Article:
Hello and welcome to the first ever Game Spotlight by Pub Meeple! What is a Spotlight you ask? Great question!
Briefly put (you can read the in-depth version here), when we find a game we love, we don’t want to just review it and move on. We want to spend some quality time with the game to produce some useful content to enhance the game for you. This might include things like foam core insert plans, player aids, and other game resources. We may do a podcast or video about the game. Basically, we just want to interact with games we love which will turn into cool stuff we can share with you, our readers.
We will start each spotlight with a Spotlight Article – where you are now – where we each tell you why we love and recommend the game. So, here we go! Let’s head on down the trail!
As the least euro-ey guy of our group, I feel like I need to be the counter-voice of any game that’s strong in that category. Especially when there are cards and deck management involved. A game like that will need to pass some kind of initiatory ritual to be let in as none of these are my strong suits. But before this sounds like I’m getting all judgemental on your jam, let me say that Great Western Trail is a game I get. This is a milestone for me and I’m pretty excited about it.
Let me start with the deck management aspect. This seems like a category most people enjoy or is at least very popular in many games. If you’re fuzzy on the mechanic, it’s where you have your own deck of cards from where you draw a hand and get the benefit of played cards. Games like Dominion and Star Realms (not to mention Magic the Gathering) is built entirely on this mechanic, and I’m terrible at those games. But Great Western Trail brings this down to a manageable piece among its moving parts. Independent of text, you just have to know your colors and numbers (like in Uno) and work toward a fairly simple goal each run through the trail. You spend each of these runs through the trail working on your hand and improving your deck and from what I could tell the veteran deck-builders at the table were enjoying the challenge as much as I was.
But I said this was a euro and there are certainly many elements of the mid-to-heavy euro you’ve come to know and love. In fact, there’s probably enough in it that I’m unaware of a few of them too. But I will say this, I finally got to play a satisfying worker placement system that had a movement mechanic for the worker instead of a raw placement from a pool of workers – I’ve been waiting for something just like this. Up until this point, Istanbul came the closest but straddles the strategic abstract genre where Great Western Trail keeps it simple and tidy. This is the system on which you build your engine to get just the right combination of actions as you make your trail run and it felt different from any other worker game I’ve played.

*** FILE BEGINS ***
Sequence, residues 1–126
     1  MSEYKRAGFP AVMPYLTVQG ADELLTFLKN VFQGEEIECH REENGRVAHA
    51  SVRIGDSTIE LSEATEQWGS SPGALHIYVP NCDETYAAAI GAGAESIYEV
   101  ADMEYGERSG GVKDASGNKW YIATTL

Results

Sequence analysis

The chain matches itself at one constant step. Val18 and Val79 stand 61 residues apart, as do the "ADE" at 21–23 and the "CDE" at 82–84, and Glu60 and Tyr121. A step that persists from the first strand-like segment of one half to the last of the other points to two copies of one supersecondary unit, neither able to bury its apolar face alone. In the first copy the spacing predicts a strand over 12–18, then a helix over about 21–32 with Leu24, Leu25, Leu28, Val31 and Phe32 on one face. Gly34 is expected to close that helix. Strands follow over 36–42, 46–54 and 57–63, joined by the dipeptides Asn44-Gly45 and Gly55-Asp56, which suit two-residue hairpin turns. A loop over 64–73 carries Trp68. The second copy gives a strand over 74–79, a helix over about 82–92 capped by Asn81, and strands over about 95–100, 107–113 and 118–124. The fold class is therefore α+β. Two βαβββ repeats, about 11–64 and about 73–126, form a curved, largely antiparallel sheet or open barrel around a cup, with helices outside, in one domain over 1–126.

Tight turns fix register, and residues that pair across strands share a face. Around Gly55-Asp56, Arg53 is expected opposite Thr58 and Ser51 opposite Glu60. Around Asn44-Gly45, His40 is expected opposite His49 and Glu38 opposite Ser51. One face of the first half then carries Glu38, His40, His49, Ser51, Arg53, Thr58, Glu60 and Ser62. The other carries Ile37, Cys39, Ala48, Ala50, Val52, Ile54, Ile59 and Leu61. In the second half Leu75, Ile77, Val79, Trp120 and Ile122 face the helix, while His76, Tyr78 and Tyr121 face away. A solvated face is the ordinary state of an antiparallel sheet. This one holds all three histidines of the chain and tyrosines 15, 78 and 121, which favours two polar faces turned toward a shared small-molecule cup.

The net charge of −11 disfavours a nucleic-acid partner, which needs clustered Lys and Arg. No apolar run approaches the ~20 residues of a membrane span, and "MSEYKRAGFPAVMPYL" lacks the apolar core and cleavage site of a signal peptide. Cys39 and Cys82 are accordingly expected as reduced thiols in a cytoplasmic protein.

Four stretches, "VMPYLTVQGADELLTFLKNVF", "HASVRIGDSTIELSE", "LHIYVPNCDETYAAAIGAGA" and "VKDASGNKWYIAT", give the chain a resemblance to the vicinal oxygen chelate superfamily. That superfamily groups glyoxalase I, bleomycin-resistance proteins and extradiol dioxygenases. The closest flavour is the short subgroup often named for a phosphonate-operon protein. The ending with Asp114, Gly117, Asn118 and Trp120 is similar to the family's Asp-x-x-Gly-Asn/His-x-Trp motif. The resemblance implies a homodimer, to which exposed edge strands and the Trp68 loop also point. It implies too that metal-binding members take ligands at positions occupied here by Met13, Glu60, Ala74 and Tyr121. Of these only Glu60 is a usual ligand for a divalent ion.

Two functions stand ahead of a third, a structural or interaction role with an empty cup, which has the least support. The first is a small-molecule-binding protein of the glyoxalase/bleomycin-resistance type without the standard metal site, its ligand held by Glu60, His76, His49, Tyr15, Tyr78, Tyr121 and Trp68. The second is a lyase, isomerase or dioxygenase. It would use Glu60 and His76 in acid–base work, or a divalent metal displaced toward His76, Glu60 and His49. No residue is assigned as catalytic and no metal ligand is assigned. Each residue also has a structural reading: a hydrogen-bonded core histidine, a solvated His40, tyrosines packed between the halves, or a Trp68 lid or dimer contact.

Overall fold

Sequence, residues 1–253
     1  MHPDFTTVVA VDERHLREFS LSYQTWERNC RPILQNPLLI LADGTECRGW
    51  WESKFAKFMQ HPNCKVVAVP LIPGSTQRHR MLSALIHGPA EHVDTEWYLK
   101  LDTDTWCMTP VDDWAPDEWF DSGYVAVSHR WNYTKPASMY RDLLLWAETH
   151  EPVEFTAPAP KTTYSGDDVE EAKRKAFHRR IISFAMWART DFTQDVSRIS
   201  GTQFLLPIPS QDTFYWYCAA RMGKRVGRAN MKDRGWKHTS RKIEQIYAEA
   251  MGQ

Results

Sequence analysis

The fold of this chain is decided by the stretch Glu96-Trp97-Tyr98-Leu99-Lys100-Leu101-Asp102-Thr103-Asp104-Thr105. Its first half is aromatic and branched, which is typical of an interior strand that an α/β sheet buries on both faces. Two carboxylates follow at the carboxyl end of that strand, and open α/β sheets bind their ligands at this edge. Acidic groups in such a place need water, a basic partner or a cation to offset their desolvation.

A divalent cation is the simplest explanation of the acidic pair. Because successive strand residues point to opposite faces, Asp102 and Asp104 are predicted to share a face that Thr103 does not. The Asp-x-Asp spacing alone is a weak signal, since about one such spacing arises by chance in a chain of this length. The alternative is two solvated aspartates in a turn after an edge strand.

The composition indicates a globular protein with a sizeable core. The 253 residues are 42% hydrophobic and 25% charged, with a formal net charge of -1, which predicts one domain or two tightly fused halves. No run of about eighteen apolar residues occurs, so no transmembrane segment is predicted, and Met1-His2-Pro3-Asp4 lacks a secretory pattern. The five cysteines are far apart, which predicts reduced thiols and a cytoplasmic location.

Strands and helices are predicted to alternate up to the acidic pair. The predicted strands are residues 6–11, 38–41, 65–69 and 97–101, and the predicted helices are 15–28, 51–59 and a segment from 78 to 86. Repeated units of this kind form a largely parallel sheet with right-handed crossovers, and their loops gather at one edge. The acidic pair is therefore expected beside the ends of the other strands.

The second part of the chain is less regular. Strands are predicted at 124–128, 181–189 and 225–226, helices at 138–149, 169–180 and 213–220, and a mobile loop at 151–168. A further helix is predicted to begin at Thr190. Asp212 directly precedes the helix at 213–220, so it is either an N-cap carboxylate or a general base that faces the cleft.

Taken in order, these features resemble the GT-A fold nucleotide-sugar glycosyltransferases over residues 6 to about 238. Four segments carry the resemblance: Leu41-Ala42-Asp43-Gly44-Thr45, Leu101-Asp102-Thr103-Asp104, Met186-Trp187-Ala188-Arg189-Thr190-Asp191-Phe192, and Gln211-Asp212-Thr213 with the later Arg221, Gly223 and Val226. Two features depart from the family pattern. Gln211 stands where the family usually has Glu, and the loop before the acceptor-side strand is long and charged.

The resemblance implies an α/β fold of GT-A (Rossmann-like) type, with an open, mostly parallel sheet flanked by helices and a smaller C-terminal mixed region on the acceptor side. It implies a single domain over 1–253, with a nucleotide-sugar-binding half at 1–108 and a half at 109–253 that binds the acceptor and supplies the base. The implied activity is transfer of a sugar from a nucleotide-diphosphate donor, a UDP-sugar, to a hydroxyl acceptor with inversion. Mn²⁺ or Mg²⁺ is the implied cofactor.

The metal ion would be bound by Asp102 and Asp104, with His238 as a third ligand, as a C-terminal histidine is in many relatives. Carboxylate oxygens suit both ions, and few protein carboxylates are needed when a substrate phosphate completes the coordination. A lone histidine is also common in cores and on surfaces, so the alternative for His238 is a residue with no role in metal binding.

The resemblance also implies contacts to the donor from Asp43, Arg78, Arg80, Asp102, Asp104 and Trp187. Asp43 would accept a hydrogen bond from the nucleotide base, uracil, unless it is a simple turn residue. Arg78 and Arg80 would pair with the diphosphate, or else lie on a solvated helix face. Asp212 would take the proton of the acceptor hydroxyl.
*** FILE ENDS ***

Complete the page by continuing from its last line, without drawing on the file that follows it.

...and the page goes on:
So yeah, I’m a big fan of this game if for no other reason it has cast a new light on systems that have been lost on me before while not losing the spirit of a classic euro.
I was excited about this game before Essen, and after hearing the initial wave of good press and positive reviews I felt pretty confident that I’d at least enjoy this game. I’d played a couple Alexander Pfister games previously, Mombasa and Isle of Skye, and had really enjoyed them. In Mombasa in particular, I really liked how he combined so many mechanics into a game that seemed so well integrated and tightly designed. It could have been a trainwreck with everything he packed into that design. Pfister has done the same thing again with Great Western Trail. The way the worker placement mechanism is handled, the deck management and the spatial puzzle of where to place your building tiles all come together and just work well in this game.
The way the worker placement mechanic is employed in this game, each player can set their own pace as they travel the trail to the train yards where they will be sending their hand of cows off to various cities. I really enjoyed this and the way that it allows you to change your pace from run to run. Tied into this element is the ability to place your own buildings on various spots of the forking paths. Something I like about how this was implemented is that everyone has the same buildings, so there are no special buildings that an opponent will have access to that you do not. Using these buildings, you essentially create your own version of the trail, and as an additional bonus, some of your buildings will serve as obstacles to your opponents that require them to pay you as they pass. Let me just say that it’s great fun to make Bryan, err I mean an opponent, pay as his meeple travels down the road.
The deck building and set collection elements of this game turn out to be some of the most strategic aspects of this design. The cattle cards are drawn face up, so like the buildings, their values are known to all players once they are on the table. Unlocking the ability that allows you to cull your deck is crucial, but early on you might just want to concentrate on adding more cows of a higher quality to your deck. Your deck is also where the only real randomness comes into the game as using building actions you might sell some of your cows, placing them into your discard pile, and then draw some more to replace them. If you haven’t managed your deck well you might get something you don’t want or that is less valuable than the cows you just discarded. Finding a good balance will be, I suspect, one of the challenges that will keep me coming back to this game.